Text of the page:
Sunday, February 28, 2010

Better Red Than Dead: Intrepid Beat Reporter Edition Pt.2

Jeremy Hall holds out his medal for me to take a picture. Note the little Mickey Mouse head where the lanyard attaches!

Apologies for taking so long to get this published this morning (afternoon), but my hands just thawed out enough to begin typing. While it might have been a cold night in Florida, the New York Red Bulls turned up the heat on a Toronto FC that was barely present, and kept it up for a full 90 minutes. When the final whistle blew, the scoreline read 4-0 in favor of the Red Bulls, and we had a new piece of hardware for our collection, winning the inaugural Walt Disney World Pro Soccer Classic in style.

The ESPN Wide World of Sports complex is, well, a sports complex. Surprisingly for Disney, it is not laden with tons of souvenier shops and cross marketing opportunities. The major attraction is the spring training home of the Atlanta Braves. Besides that, there are several other baseball/softball diamonds, several rectangular fields for use as soccer, American football, lacrosse, etc., and a field house for indoor sports as well. On Saturday, this was being used for a high school or possibly junior high school cheerleading competition. The place was overrun with awkward cliques of girls, their stressed out stage moms, and dads wondering where the hell the ESPN Zone Sports Bar was. (There was one small bar on the campus, but that was it.)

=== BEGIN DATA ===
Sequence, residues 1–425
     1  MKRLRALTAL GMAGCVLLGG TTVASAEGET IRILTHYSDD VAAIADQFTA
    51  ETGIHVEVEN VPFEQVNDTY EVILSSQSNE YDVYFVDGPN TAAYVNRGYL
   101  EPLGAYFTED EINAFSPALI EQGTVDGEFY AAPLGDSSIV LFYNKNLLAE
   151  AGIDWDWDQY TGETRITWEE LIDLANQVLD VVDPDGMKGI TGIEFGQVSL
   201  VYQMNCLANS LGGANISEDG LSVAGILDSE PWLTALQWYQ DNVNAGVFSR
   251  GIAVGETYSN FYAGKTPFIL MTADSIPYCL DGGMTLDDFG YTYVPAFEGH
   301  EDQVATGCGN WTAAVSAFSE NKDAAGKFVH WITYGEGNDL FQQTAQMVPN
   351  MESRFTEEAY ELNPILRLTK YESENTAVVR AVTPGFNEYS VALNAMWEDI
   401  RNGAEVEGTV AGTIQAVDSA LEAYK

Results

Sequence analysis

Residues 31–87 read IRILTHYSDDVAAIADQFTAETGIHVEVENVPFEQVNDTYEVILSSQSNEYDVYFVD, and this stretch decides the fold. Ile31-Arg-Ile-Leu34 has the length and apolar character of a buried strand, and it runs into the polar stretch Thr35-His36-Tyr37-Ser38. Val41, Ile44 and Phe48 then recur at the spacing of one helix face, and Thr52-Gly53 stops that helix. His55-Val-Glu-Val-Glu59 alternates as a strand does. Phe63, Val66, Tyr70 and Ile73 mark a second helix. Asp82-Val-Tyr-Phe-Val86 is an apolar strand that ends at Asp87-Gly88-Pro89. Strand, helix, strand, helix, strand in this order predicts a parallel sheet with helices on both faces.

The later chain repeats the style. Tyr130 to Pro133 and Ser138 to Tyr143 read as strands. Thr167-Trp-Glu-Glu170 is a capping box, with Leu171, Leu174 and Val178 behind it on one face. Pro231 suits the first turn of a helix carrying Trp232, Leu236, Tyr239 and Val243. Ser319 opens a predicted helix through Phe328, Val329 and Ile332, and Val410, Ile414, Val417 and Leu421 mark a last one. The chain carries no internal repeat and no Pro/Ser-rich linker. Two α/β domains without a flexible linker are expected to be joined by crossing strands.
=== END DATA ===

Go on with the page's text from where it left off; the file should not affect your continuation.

The soccer fields were located all the way in the back of the complex. Once walking over, it became obvious that the sightlines were, well, less than ideal. Midline seats were probably the worst in the house, as there were large announcer/camera/VIP towers on the center line which completely blocked the view of the opposite goal. It didn't take long to decide that the best "seats" in the house were standing at the faux white picket fence on the sideline, at the top of the penalty area. And so that's where I set up camp.

I knew with the previous game being only two days prior, that I might expect a few changes to the lineup, but honestly there was very little different. The main exception was that Dane Richards had the night off, with Jeremy Hall getting the start on right midfield. The full starting lineup was: Bouna//(L-R) Miller/Ream/Petke/Jaager//Oebster/Ubi/Lindpere/Hall//Angel/Agudelo.

With such close proximity to the pitch, and the thousand or so spectators on hand, it brought the action very up close and personal. You could hear all the shouts and communication on the pitch. One of the first things I noticed was the way Petke and Bouna were really communicating with rookie Tim Ream - helping him position and pass, and keeping him aware of Toronto's movement and attacks (well, what passed for an attack.)

The next thing that stood out, standing where I was on our left sideline in the first half, was Roy Miller. This man was everywhere, doing everything last night. Solid defending, putting opponents on their weak foot, great movement and overlapping runs. He is an attacking defender with a nice touch, and looks to be a great pickup for this team and great fit in the system Coach Backe is implementing.

The first half was full of opportunities for the Red Bulls. Ubi found Angel on an early free kick, but JPA kicked it straight at Toronto FC keeper, Stephan Frei. Angel put a nice-looking bicycle kick wide of the goal about five minutes later. There were also attempts by Agudelo and a missed header by Ream, all in the first half hour.